CHILD ACCIDENT PREVENTION - a parent's guide
- Childhood injuries mostly occur at home, on the roads or during play
- Falls are the most common cause of childhood injury
- Other common causes include burns, poisoning, and being cut by glass
- Children's toys must be safe and appropriate for their age
- Helmets should always be used when cycling, skateboarding or roller blading
- Keep matches and lighters away from children, and make sure lighters are childproof
Common causes of injury:
Accidents are one of the biggest causes of death and injury among children, but much can be done to help prevent them.
Falls are the most common cause of injury for children of all ages, but common causes of death include child passengers injured in motor vehicle accidents, injuries to child pedestrians, and drownings.
For young children under four years of age accidental suffocation, burns and scalds, are included in the leading causes of death.
School aged children are more at risk of death from biking accidents and falls.
For younger children their homes are the most common site of injury, and between the ages of 5 - 9 years, playground injuries begin to feature more prominently.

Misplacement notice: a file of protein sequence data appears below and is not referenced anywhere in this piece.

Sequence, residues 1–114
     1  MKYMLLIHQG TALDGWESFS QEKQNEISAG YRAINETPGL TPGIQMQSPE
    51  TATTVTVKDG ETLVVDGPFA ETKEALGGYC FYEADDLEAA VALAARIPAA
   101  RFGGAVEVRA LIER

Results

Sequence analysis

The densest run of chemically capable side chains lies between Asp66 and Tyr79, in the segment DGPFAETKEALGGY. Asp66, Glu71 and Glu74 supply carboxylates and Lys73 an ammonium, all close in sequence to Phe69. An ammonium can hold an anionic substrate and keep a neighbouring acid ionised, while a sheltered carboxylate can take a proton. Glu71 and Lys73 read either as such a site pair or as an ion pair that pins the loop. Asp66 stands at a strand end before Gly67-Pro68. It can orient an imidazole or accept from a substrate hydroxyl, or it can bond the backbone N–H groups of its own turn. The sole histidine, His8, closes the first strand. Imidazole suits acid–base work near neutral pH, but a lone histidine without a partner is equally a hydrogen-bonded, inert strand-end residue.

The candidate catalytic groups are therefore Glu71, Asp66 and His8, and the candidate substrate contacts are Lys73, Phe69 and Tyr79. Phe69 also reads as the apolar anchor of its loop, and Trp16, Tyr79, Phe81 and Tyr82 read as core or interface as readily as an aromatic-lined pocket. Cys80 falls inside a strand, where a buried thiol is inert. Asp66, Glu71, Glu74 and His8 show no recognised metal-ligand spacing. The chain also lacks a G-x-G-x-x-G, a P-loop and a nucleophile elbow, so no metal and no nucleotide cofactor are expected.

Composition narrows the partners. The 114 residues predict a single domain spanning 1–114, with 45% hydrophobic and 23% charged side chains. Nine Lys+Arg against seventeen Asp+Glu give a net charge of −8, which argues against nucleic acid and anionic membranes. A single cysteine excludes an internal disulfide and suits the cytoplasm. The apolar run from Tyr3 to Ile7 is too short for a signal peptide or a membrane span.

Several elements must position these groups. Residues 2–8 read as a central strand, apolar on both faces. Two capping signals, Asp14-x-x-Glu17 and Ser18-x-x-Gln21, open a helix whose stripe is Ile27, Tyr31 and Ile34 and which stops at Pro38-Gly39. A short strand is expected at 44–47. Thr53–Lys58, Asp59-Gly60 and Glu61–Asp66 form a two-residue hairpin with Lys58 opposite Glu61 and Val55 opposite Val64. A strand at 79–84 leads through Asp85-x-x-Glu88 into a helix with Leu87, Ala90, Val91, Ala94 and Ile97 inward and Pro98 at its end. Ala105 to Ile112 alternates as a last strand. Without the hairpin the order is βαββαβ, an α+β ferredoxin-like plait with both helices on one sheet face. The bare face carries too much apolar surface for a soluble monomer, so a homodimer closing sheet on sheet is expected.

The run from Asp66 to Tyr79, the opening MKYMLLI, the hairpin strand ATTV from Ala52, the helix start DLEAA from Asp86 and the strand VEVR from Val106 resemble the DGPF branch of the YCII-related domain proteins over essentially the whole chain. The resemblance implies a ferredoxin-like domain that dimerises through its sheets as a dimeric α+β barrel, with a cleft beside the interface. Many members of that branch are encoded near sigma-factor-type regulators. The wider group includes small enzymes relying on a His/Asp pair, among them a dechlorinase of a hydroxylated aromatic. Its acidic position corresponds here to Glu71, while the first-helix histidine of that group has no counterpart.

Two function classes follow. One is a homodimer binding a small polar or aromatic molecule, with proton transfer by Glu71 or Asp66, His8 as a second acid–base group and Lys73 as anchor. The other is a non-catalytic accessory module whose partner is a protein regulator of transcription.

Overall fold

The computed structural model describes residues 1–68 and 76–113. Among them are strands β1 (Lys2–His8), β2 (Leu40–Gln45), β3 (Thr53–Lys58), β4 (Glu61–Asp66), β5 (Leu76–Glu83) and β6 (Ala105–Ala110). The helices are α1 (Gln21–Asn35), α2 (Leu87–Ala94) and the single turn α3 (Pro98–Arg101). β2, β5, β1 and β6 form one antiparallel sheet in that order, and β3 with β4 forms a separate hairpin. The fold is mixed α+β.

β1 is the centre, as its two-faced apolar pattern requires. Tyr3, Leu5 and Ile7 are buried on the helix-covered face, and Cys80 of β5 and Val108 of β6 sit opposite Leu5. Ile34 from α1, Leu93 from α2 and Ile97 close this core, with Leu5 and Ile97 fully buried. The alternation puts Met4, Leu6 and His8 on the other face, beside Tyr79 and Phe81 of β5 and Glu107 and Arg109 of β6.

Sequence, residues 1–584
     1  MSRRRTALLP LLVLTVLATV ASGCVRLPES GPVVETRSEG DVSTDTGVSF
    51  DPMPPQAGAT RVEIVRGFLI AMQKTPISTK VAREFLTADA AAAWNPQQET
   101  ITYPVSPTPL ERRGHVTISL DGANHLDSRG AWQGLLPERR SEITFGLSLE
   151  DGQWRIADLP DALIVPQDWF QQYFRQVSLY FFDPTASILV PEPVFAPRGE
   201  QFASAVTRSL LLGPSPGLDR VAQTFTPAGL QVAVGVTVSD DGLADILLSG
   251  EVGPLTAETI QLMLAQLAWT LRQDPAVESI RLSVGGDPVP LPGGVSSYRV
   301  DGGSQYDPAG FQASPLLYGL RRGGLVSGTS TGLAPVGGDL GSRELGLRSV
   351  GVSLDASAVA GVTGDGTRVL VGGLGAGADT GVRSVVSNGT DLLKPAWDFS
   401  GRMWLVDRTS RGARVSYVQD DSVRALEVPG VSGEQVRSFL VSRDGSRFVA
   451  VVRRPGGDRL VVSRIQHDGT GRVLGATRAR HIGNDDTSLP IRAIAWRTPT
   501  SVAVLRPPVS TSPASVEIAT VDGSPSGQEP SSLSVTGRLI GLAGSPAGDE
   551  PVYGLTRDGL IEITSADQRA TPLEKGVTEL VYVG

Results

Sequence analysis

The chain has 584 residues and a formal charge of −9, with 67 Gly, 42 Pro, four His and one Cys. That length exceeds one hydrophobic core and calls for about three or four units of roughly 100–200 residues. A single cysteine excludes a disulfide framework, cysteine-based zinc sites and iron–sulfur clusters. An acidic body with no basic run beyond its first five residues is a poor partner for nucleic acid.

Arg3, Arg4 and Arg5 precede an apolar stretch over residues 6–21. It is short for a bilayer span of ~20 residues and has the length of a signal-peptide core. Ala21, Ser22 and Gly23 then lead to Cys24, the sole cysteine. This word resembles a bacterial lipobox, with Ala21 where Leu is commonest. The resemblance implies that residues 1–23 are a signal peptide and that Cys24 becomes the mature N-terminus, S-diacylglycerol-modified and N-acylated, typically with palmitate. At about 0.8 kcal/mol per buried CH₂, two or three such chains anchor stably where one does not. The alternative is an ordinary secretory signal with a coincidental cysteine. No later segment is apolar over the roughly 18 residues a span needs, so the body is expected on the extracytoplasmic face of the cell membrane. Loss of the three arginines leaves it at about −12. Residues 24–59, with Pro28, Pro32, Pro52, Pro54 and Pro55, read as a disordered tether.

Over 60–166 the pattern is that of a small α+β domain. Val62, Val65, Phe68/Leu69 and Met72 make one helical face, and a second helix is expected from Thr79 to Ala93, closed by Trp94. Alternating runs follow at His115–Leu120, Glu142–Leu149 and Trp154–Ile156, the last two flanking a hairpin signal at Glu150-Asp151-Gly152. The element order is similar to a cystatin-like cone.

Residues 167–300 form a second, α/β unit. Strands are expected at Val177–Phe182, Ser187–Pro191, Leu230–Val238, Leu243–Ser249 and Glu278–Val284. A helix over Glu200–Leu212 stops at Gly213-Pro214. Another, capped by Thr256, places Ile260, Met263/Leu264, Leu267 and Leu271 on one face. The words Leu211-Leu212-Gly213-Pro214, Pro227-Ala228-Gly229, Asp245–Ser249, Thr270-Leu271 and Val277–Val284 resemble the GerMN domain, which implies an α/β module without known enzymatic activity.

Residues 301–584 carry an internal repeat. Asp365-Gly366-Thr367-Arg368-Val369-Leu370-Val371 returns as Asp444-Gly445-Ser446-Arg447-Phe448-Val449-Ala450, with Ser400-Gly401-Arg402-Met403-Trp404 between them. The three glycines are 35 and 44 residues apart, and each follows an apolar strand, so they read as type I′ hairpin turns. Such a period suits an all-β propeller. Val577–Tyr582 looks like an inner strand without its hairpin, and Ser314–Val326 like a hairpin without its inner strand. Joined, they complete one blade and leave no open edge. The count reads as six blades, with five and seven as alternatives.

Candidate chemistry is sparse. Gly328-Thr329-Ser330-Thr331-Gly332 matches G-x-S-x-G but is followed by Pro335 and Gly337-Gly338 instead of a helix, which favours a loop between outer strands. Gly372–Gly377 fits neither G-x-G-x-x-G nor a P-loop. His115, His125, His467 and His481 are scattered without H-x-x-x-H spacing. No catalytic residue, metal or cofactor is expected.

Ten to 14 year olds are more at risk of being injured during sports games and recreation activities, and from cycling and car accidents.
An estimated 40 percent of drownings in under five year olds happen in home pools, but for babies under the age of one, the bath is the most common site of drowning.
The bath is also a common site of drowning for all children under five, but becomes less of a risk as the child grows older.
Toddlers are at risk of drowning in buckets, paddling pools and other containers of water. They become less at risk after the age of four.
Children over the age of five are more at risk of drowning outside the home environment. Only 13 percent of drowning occurs around the home. Common sites include other pools (13%), rivers (23%), surf beaches (8.5%), other salt water environments (26.5%), and other fresh water sites (16%).
- Never leave a baby or young child alone in a bath
- If you have to answer the phone or door, take the child with you
- Never leave buckets of water or other containers lying around. Empty them as soon as you have finished with them, and turn them upside down so rain water can't collect in them
- Teach your children how to swim as soon as possible, and teach water safety to children
- All home pools should be fenced
- If you live near the sea, river or a lake, fence your back section
- Empty paddling pools immediately after use
- Always supervise children around the water
- Ensure children always swim between the flags at surf beaches
- Blow up armbands and water wings are toys and should not be relied on as a life saver. Children must be supervised at all times
Babies are often injured by being dropped or rolling off furniture like beds, chairs, changing tables and push chairs.
Babies are often injured in falls when they start crawling, from falling down stairs, off decks, or through windows.
Babywalkers carry a high risk of head injury in children under one and they are not recommended.